LAS VEGAS — Pat Cooper was a bombastic, boundless comic who became the friend and contemporary of legends.

Comedian Pat Cooper attends the Friars Club celebrity roast of legendary comedian Jerry Lewis in 2006. Cooper died Tuesday at the age of 93, his wife announced Wednesday. Stephen Chernin/Associated Press, file

The stand-up performer out of Brooklyn who launched his Las Vegas career some 60 years ago died peacefully at his Las Vegas home Tuesday night, his wife, Emily Conner, announced Wednesday morning. Cooper was 93.

“He did his best and always strove for perfection,” his wife said. “But whether he obtained it was immaterial. As long as he remained loyal to himself, his character, convictions, and dreams, he was satisfied.”

Cooper’s high-volume, rapid-fire delivery often seemed as angry as funny. He once described that characteristic as “lovable anger.”

Born Pasquale Caputo, Cooper was the son of a bricklayer from Mole Di Bari, Italy, and an Italian American mother. He began performing in clubs in his 20s.

In 1963, he landed a spot on “The Jackie Gleason Show,” leading to appearances at the Copacabana, opening for acts such as the Four Seasons and Jimmy Roselli, with whom he also shared billing in 1969 on Broadway at The Palace Theater in a first-time Italian duo Broadway engagement.


Cooper arrived in Las Vegas the year he appeared with Gleason. He first opened at the Flamingo for Bobby Darin. Cooper went on to open 56 shows for Frank Sinatra at the Sands.

Cooper enjoyed his peak of fame in the 1960s, ’70s, and ’80s, sharing marquees with such Vegas superstars as Sinatra, Perry Como, Ella Fitzgerald, and Nat King Cole. He played the showrooms at such legendary Strip resorts as the Sands, Riviera, Caesars Palace, Flamingo, and Sahara, and recorded several bestselling comedy albums.

Cooper’s 1965 album “Our Hero” was among the earliest to draw comedy material from Italian American culture. Billboard wrote of the album, “It does for the Italian-American community what Jackie Mason did for the Jewish-American community.” Cooper soon released the strong follow-up, “Spaghetti Sauce and Other Delights.”

The list of Cooper’s friends and fellow headliners over the years seems endless. He worked alongside George Burns, Jerry Lewis, Don Rickles, Dean Martin, Perry Como, Sergio Franchi, Tony Martin, Sammy Davis Jr., Ella Fitzgerald, Louis Prima, Al Martino, Jerry Vale, Steve Lawrence and Eydie Gorme, Tony Bennett, Joe Williams, Dionne Warwick, Frankie Avalon, Connie Francis and many more in many national venues. He was a popular talk-show guest at his peak, especially “The Mike Douglas Show” in the ’70s.

Into his latter years, Cooper remained a great fan of comics and classic entertainers. His last performances in Vegas were at the Tropicana in the late 1990s. He visited with Sebastian Maniscalco on his headlining performances at Wynn Las Vegas in 2019.

Cooper often opened shows in his later years with, “Welcome to the end of my career in show business,” which always drew a laugh.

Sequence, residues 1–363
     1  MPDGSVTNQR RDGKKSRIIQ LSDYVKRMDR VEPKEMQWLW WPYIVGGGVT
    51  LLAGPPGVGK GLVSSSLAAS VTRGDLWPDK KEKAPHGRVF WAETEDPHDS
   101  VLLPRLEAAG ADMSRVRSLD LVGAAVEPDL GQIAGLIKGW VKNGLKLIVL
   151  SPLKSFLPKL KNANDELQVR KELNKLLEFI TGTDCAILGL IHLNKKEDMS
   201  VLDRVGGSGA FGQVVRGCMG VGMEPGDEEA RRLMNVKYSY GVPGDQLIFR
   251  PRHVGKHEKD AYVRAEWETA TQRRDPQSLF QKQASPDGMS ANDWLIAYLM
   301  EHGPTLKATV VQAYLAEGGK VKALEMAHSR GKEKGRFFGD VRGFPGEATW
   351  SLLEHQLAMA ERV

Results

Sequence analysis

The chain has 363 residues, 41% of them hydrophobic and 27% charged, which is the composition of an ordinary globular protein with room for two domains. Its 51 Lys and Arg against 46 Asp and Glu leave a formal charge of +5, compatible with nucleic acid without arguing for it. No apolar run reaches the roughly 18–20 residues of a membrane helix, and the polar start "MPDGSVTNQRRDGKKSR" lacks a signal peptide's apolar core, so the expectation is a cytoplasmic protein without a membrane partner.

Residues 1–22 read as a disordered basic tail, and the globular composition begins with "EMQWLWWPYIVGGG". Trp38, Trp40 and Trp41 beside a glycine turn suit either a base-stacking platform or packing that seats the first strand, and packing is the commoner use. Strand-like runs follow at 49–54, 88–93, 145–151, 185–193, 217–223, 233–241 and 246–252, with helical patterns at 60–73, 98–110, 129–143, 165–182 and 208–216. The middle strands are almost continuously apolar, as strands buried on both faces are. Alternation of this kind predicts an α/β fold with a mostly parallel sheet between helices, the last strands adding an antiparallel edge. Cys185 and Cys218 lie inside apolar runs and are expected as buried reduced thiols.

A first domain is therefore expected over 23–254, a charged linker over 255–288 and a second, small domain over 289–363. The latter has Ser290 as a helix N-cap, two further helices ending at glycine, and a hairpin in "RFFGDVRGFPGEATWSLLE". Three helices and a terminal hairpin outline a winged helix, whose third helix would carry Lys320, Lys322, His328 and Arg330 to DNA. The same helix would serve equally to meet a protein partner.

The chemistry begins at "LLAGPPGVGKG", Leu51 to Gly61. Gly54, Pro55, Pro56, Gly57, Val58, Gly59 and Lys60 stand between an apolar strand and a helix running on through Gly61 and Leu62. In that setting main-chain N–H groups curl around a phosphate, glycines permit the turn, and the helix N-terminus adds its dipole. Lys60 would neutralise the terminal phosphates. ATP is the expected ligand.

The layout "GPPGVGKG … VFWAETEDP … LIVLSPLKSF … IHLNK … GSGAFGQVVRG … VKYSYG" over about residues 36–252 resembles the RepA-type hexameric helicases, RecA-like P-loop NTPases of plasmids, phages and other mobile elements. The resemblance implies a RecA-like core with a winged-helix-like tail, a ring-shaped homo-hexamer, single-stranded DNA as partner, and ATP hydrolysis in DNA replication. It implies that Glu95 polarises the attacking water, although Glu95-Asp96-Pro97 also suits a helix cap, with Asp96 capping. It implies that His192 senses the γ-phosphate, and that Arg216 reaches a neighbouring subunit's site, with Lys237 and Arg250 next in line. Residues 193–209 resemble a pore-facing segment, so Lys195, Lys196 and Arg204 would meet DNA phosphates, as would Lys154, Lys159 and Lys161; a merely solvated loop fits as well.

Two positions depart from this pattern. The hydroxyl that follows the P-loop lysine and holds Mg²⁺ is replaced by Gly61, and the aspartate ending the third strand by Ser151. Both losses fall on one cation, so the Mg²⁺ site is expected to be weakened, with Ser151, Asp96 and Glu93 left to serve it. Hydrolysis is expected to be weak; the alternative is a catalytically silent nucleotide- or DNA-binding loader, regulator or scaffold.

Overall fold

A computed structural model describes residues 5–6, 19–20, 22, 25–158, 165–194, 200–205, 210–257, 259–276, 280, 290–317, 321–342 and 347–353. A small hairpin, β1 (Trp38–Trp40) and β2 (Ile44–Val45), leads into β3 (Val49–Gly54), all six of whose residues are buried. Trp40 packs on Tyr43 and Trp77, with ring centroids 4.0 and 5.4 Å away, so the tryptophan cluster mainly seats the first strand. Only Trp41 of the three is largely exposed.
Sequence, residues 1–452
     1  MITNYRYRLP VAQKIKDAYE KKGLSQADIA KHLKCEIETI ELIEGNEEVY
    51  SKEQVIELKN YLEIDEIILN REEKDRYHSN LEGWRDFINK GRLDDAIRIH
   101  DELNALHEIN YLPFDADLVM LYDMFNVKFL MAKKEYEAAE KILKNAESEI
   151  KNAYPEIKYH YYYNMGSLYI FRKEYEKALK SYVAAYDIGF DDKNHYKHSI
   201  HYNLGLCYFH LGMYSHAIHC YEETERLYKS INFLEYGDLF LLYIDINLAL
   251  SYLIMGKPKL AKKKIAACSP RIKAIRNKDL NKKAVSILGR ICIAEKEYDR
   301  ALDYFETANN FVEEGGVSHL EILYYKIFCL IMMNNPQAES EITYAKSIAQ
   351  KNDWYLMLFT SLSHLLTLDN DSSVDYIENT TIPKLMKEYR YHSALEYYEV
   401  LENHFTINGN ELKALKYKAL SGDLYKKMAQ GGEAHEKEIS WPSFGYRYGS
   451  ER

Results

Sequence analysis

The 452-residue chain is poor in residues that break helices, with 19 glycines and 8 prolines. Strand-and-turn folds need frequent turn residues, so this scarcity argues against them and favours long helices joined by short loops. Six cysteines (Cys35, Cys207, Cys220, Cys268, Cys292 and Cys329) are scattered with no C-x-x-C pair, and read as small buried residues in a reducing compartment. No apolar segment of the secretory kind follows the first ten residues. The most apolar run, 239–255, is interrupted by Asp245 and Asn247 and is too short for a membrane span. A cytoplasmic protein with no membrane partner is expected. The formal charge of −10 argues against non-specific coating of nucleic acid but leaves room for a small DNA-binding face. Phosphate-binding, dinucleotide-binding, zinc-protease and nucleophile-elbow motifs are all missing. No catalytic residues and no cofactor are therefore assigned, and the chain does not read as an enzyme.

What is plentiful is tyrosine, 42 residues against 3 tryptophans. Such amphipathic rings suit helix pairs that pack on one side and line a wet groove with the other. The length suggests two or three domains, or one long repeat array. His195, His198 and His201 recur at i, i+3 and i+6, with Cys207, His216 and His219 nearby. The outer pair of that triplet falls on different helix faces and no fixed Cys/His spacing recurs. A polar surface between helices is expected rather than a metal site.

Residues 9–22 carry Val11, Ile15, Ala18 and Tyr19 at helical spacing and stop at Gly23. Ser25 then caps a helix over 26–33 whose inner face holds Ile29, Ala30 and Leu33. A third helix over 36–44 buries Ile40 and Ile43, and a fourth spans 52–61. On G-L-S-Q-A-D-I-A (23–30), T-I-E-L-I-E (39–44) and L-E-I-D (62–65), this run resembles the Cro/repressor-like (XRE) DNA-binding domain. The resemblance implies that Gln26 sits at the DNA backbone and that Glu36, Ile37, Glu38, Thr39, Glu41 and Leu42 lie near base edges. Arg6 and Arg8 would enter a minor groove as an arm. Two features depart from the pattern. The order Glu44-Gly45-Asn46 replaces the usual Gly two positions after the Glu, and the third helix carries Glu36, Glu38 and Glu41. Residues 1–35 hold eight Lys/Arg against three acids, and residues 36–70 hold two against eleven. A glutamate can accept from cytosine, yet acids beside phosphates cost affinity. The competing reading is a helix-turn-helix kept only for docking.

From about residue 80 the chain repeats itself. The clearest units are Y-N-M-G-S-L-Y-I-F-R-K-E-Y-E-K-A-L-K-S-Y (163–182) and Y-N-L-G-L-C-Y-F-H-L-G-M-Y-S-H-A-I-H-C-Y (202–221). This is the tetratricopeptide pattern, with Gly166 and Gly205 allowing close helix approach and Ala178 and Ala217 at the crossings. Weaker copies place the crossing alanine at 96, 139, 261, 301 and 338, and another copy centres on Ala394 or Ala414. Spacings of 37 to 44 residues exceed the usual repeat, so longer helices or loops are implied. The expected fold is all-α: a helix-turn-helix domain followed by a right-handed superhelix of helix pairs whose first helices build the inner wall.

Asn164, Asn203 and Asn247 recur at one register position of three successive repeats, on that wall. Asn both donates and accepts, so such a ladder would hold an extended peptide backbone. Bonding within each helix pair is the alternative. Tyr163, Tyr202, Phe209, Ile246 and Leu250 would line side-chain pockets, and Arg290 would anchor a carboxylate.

Cooper was also a strong actor, his personality taking over scenes he worked with superstars. He appeared in the sitcom “Seinfeld” and the “Analyze This/Analyze That” film series opposite Robert De Niro. He appeared in Penn Jillette’s 2005 joke-telling documentary “The Aristocrats,” and was a guest of Howard Stern in the 1990s and early 2000s.

Cooper was known as a master roaster, usually called upon to close the night because nobody wanted to follow his flame-throwing material. The “Seinfeld” episode in which he played himself was titled, “The Friars Club,” one of Cooper’s favorite haunts.

Cooper ad-libbed an exchange with Jason Alexander, as George Costanza, after Jerry loses his Friars Club jacket loaned to him for entry.

Cooper chides Seinfeld for losing the jacked. Costanza steps in, trying to confirm Jerry’s version of the story. Cooper shot at Costanza, “Excuse me, are you an entertainer? Are you in show business?”

Costanza answers, “No, I, uh …” Cooper counters, “Then what am I talking to you for?”

Cooper landed the scene in one take, then went home.


In addition to his wife, Cooper is survived by a son, Michael Caputo; two daughters, Louise Caputo, and Patti Jo Weidenfeld; and several grandchildren. He was preceded in death by his wife of 41 years, Patti Del Prince Cooper.

Cooper was feted on his 90th birthday in July 2019, at the Italian American Club. Legendary impressionist Rich Little; legendary storyteller Pete Barbutti; Vegas vocalist and talk-show host Dennis Bono and his wife, Lorraine Hunt-Bono; longtime Vegas entertainer and F.I.O.R.E. (Fun Italians Organizing Ridiculous Events) Nelson Sardelli; Vinny Adinolfi of Bronx Wanderers; comic/songwriter/musician Dennis Blair and crooner Carmine Mandia celebrated the comedy great.

Conner mentioned in her toast to her husband that she’d recently gotten something in her eye while swimming in the couple’s pool. Conner remarked that Cooper was there to wash her eyes out, then glowered, “Don’t ever open your eyes in the pool! What’s down there is none of your business!”

The comedian then took the mic, telling the crowd how much he loved Conner, whom he referred to as “Lady,” and said, “I love you dearly, you’re a good person, but tonight you did something – you stole my material!”

Near the end of the night, this reporter asked Cooper for his secret to a long life.

“Remember to pick up the tab once in a while,” Cooper said, raising his voice to be heard over his friends. “Do that because someone has picked up the tab for you.”

Instead of flowers, donations can be made in Cooper’s name to Shriners Hospitals for Children or the Neon Museum Las Vegas.

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